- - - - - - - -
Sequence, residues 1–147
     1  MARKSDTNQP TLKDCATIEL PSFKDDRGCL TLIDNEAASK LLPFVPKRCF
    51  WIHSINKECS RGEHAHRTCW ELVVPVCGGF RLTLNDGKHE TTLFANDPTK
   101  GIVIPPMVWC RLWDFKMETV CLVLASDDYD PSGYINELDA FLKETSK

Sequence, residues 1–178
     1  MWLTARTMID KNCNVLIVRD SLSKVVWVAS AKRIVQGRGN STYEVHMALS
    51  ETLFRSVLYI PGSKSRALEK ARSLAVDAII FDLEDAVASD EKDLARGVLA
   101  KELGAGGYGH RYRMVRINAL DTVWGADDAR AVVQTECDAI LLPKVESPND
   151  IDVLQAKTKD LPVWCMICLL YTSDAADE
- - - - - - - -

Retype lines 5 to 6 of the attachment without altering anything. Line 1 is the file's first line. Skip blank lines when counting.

Sequence, residues 1–178
     1  MWLTARTMID KNCNVLIVRD SLSKVVWVAS AKRIVQGRGN STYEVHMALS